Ash Patel, a filmmaker for the Creative Ministries Department at Territorial Headquarters, released an animated short film called ‘Mum’s Voices’, on Friday 9 July, with support from the Mental Health Foundation of New Zealand. The film centres around 11-year-old Elijah as he encounters misunderstanding and isolation because of his mother’s experience with schizophrenia.
This video has been produced with a community grant from Like Minds, Like Mine, who help fund projects with the intention of raising awareness around mental distress. Ash explains that the organisation ‘loved the idea because it’s real and based off lived experience, and it’s something that no one’s ever done before’.
The decision to fund the project was made two years ago, in 2019, so Ash spent the beginning of 2020 writing the animation—and then lockdown happened. ‘Animation is so weird; you’ve got to write the script and then storyboard it as best as you can. Then you get illustrators to design the characters and environments, but then you also need to get voice actors. That was the tricky part, getting them to come in during level 2, but it turned out well. I ended up recording here at The Salvation Army studios.’
Ash’s decision to tell this story using animation helps to make a heavy topic more approachable for the classrooms where Ash is hoping it will be shown. ‘I’ve been teaching stop-motion [animation] at my old school. Anything that you show them that’s animated they’re just stoked about, so this might be a really good tool to use to raise awareness around schizophrenia, to teach them about what it could look like and how it affects people.
‘I wanted to write straight from experience. But I found that it might have been too heavy, I don’t want to drop everything on them, I don’t want to traumatise these kids. I wanted to make something that’s more fun and creative and add a bit of humour to it, just to kind of ease them into it.’ In writing the script, Ash tried to add some humour and lighter moments and worked on having the animation itself ‘find the balance of scary and funny’.
For Ash, this video and the story it tells have been a long-time coming. He has wanted to write something based around schizophrenia since he was in university, but he didn’t know how or what this would look like. ‘Originally, I wanted to make something that showed what other people see, but then I was like, I don’t actually know what they see, so I changed it and decided to write from my own perspective.’
This story has particular significance for Ash as he based a lot of Elijah’s experiences on his own childhood memories of growing up with his mother who has schizophrenia. Drawing from direct personal experience, Ash’s storytelling in ‘Mum’s Voices’ presents the characters in a gentle and generous manner, particularly Elijah and his mother, Senara.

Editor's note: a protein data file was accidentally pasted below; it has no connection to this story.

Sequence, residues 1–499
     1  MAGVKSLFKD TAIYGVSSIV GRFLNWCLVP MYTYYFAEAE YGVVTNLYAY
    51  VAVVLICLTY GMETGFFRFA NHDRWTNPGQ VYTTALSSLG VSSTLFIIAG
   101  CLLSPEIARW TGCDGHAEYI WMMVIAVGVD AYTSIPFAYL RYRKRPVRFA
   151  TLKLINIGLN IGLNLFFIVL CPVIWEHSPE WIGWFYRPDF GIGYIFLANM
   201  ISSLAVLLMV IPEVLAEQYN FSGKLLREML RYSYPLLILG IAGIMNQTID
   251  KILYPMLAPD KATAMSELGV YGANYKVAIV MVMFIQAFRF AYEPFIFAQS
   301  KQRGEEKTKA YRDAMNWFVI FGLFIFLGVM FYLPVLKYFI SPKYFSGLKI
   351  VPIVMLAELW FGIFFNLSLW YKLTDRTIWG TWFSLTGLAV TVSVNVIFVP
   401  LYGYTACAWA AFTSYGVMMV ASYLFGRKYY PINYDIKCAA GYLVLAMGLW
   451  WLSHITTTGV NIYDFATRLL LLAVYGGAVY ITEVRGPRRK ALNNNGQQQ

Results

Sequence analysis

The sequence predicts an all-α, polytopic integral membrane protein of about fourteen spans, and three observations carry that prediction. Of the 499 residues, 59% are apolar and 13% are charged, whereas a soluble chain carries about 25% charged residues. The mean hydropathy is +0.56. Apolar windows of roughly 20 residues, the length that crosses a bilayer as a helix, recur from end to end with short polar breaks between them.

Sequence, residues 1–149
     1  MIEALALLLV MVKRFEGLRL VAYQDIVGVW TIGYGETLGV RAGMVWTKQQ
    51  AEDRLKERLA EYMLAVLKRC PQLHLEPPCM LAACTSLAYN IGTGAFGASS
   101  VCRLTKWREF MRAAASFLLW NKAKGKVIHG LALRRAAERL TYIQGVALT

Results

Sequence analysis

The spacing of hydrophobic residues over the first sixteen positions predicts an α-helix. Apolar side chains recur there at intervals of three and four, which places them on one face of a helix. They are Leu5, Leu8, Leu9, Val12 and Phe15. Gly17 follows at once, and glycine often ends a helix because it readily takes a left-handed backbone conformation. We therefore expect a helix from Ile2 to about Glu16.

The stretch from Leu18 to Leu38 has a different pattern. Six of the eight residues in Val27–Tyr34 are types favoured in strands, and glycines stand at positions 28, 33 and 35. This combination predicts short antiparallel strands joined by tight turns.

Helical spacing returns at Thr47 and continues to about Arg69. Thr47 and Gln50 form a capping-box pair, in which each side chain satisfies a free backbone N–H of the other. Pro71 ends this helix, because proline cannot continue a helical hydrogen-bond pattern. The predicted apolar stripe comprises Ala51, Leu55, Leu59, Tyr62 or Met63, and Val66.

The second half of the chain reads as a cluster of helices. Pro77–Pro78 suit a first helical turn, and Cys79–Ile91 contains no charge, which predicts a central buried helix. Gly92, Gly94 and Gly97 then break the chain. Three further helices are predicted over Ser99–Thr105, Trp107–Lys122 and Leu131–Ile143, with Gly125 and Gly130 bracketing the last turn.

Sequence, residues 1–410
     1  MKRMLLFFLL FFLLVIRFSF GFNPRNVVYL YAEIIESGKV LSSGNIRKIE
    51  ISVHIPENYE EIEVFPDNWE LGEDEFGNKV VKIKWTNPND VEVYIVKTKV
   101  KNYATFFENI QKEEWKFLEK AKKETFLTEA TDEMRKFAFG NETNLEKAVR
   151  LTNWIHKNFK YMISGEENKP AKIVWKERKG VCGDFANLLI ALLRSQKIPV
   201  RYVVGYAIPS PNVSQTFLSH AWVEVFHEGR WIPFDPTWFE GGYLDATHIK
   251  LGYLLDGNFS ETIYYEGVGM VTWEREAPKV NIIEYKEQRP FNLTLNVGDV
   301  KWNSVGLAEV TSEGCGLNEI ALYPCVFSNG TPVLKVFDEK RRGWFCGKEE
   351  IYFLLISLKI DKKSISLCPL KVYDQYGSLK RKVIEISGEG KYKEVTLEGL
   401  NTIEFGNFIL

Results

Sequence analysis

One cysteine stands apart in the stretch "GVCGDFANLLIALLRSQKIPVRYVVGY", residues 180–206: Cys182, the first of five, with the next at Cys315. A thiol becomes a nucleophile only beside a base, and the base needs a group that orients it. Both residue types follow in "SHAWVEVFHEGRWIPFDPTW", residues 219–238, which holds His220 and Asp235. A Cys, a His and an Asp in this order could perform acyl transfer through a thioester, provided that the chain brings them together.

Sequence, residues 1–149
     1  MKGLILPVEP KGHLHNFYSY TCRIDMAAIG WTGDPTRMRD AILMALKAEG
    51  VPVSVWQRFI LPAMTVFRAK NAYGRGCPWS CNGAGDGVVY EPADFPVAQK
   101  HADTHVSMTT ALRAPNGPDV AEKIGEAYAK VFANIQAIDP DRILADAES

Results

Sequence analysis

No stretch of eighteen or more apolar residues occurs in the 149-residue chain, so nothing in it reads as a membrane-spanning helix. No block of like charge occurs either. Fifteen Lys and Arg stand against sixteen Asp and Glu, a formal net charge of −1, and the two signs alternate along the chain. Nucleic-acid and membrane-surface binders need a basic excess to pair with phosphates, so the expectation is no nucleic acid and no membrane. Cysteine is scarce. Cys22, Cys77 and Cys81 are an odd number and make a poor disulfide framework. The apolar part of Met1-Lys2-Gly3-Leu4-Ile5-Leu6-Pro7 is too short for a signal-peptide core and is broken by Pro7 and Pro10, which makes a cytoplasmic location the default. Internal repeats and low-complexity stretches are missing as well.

Ash also wanted to leave room for the characters to gain understanding and compassion if the story was to continue, and he has shown snippets of this during the end text with stills of Elijah and his friend, and Senara with the woman from Elijah’s school.
Ash wanted young people watching the video to have space to consider and create hope for the characters themselves. ‘It kind of just ends abruptly and there’s no happy ending. The Mental Health Foundation was a bit worried that there’s no real hopefulness, but then sometimes there is no happy ending. I’m sure there are other kids out there who go through the same sort of experience and it isn’t happy for them. But the hopefulness comes from them watching and empathising with the characters and hoping that the attitudes towards them will change. The story is not finished ... I want the kids to finish it for me.’
When having discussions around what is happening in the video and why, Ash is hopeful that not only will people dream up a conclusion to the story, but will be encouraged to tell that story in their own interactions with others.
Connection and Conversation
At the end of the day, Ash hopes that ‘Mum’s Voices’ will open conversations for young people to think about reality outside of their own experiences. Mental health is becoming more a part of everyday conversations, but conditions like schizophrenia are still widely misunderstood. Ash believes that if he can show them that schizophrenia exists and give them an understanding of how it affects people, then they can take that knowledge into high school and into adulthood, and it can better prepare them for when they see it. ‘I think that’s pretty much what I’m aiming to do. The hope is that as people connect and empathise with the characters; they hopefully, in-turn, empathise with people in real life. I think it’ll make New Zealand a better place.’
Although the open ending of the video can help encourage conversations around mental health and the different ways it presents itself, Ash has plans to continue the story with more animation. ‘I do want to finish it; I’m going to work on writing it. I’d want to have some sort of hopefulness. I want the characters to change, like his friend. I want him to grow in understanding of what Senara’s going through and how it affects Elijah.’
To watch ‘Mum’s Voices’, visit the Subcreators Facebook page: facebook.com/subcreators
What you can do to support someone with schizophrenia:
- Listen to what they are going through and try to understand where they are coming from. Their experiences might not be real for you, but they are real for them.
- Simply sit beside them, rather than offering advice or trying to ‘fix’ them. Sometimes, all people need is for someone to listen.
- Support them to make their own decisions. Provide options on what they could do, but make sure that they call the shots and are onboard with any next steps.